Q: My current grammar bête noir is the American insistence on “of” after “outside.” I realize you are on the other side of the pond, but please be neutral. Which is more elegant—“outside the hotel” or “outside of the hotel”? Surely not two prepositions in tandem?
A: OK, we think “outside the hotel” is more elegant, but we don’t think “outside of” is wrong here, and neither, apparently, do most Americans.
Generally a phrase that looks like two prepositions is actually an adverb accompanied by a preposition, as in “flew out of the nest” … “knelt down on the floor” … “doubled over in pain” … “it’s over with now.” The first underlined word in each example is an adverb.
This is also the case with “outside of,” a phrase that the Oxford English Dictionary describes as a compound preposition consisting of the adverb “outside” plus the preposition “of.”
Like “inside,” the word “outside” has several grammatical functions. It can be (1) a preposition, as in “the grass outside the fence”; (2) a noun, as in “the outside of the house is better than the inside”; (3) an adjective, as in “the outside world”; or (4) an adverb, as in “let’s step outside.”
The two standard American dictionaries we consult the most—The American Heritage Dictionary of the English Language (5th ed.) and Merriam-Webster’s Collegiate Dictionary (11th ed.)—both categorize the compound “outside of” as a preposition meaning either (1) “outside” in the spatial sense, or (2) “aside from.”
More to the point, both American Heritage and Merriam-Webster’s list the phrase without reservation (that is, without usage labels like “slang” or “informal”) when used in either sense.
However, some American usage guides object to using “outside of” in one or more of those senses.
Garner’s Modern American Usage (3rd ed.), for example, frowns on using it for either sense, while Merriam-Webster’s Dictionary of English Usage says both uses are OK.
“Outside of,” as Merriam-Webster’s notes, “was in common use by standard 19th-century authors such as Emerson, Thackeray, Hawthorne, and Henry James.”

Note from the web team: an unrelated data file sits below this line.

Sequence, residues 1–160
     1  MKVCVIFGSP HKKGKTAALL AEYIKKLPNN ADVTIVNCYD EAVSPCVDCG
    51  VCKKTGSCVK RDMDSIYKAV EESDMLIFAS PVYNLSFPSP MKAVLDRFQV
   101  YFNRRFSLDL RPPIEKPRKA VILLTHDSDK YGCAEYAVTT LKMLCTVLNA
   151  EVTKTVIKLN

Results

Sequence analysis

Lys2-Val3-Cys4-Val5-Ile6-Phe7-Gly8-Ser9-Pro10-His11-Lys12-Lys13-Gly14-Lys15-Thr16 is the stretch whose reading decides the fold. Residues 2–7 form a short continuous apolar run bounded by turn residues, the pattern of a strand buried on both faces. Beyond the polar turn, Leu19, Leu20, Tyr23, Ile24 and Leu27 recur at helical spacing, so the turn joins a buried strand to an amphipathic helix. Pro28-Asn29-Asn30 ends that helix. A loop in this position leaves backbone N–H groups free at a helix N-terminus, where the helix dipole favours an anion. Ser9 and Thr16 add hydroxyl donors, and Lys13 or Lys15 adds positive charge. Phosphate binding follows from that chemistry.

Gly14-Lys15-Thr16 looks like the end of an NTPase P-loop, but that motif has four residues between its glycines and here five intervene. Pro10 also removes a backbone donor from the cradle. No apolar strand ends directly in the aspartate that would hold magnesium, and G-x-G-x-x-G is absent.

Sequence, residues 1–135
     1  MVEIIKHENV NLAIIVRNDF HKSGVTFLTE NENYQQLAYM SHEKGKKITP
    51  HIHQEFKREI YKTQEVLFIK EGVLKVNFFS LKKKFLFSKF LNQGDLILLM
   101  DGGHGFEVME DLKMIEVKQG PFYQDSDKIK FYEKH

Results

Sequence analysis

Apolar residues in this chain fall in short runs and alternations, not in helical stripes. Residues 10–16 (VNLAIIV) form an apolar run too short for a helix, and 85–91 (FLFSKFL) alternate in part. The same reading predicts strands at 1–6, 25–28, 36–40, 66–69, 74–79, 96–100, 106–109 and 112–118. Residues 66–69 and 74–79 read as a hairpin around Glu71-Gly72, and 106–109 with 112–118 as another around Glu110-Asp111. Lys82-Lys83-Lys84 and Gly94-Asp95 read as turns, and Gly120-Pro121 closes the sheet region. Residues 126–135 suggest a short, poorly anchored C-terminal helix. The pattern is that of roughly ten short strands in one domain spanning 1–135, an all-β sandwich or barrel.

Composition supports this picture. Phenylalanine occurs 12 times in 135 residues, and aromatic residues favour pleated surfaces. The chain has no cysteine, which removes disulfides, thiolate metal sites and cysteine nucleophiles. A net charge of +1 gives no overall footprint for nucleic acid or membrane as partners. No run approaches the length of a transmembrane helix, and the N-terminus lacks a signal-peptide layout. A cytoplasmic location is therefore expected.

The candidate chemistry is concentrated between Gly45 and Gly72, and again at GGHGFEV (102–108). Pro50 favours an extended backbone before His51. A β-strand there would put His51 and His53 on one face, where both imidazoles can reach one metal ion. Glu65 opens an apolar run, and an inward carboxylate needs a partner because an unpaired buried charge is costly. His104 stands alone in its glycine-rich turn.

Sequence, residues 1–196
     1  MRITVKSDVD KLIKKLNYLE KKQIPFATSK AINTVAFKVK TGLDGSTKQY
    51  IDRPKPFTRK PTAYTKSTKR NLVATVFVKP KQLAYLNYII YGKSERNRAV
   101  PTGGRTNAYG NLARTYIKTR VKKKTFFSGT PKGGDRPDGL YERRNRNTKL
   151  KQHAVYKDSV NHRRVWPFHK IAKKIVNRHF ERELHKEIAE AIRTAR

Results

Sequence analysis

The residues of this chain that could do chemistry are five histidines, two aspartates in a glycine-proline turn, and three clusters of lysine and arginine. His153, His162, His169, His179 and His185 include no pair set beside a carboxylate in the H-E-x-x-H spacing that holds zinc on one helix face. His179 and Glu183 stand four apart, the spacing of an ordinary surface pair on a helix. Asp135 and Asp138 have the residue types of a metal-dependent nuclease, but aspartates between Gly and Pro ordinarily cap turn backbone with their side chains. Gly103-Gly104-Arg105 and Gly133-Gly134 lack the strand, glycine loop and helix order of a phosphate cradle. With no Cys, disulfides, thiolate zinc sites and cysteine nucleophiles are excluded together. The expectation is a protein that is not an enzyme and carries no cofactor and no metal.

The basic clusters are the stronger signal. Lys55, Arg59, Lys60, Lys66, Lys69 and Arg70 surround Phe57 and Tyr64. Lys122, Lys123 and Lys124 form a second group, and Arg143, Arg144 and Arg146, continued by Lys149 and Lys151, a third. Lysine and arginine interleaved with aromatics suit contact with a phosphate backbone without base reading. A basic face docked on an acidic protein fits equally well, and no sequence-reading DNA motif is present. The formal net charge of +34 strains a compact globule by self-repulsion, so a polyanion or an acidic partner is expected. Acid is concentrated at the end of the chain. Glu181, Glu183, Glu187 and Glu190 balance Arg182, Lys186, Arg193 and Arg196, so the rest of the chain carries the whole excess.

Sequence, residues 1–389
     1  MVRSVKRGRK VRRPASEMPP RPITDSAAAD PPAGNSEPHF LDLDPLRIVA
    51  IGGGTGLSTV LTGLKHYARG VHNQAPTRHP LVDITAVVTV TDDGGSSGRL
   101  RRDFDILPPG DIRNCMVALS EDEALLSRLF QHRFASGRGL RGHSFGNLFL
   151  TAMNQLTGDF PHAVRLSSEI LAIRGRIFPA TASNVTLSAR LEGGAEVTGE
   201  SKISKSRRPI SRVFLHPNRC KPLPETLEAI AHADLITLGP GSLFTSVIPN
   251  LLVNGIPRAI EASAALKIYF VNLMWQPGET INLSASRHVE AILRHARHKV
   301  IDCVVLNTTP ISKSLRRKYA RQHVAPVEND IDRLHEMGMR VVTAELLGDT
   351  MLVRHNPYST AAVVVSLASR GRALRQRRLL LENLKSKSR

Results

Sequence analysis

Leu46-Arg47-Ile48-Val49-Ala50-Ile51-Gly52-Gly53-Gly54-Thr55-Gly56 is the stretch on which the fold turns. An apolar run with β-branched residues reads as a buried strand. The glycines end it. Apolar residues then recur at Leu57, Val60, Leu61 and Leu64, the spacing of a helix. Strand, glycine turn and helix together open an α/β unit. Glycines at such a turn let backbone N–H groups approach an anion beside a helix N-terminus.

Matters are different in the UK, where Fowler’s Modern English Usage (rev. 3rd ed.) says “outside” alone “is overwhelmingly the normal use” for both senses.
However, the Oxford English Dictionary and Oxford Dictionaries online (a different entity) have contradictory views about the phrase.
The OED says the use of “outside of” to mean “apart from” or “with the exception of” is “colloquial”—more proper to ordinary conversation than to formal English.
But the dictionary recognizes “outside of” as entirely normal when used in the spatial sense, defined as “beyond the walls, limits, or bounds of; to or on the outside of; external to.”
The British version of Oxford Dictionaries, on the other hand, sees the use of “outside of” in the spatial sense as “chiefly North American,” while its use in the “apart from” sense is listed without reservation.
The OED’s earliest example of the “apart from” sense is from J. Jacob Oswandel’s Notes of the Mexican War (1847):
“Those who have any money left can get something outside of government rations to eat, but those who have none have to take what comes, good or not good.”
The dictionary’s earliest citation for the spatial sense is from 1784, when the phrase appeared in a stage direction—“Outside of Dermot’s House”—in Poor Soldier, a comic opera written by the Irish playwright John O’Keeffe.
What do we think of all this? We agree with the editors of the Merriam-Webster’s usage guide:
“Our evidence suggests that writers and speakers retain the of when it seems right to them, and drop it when it does not. You have the same choice.”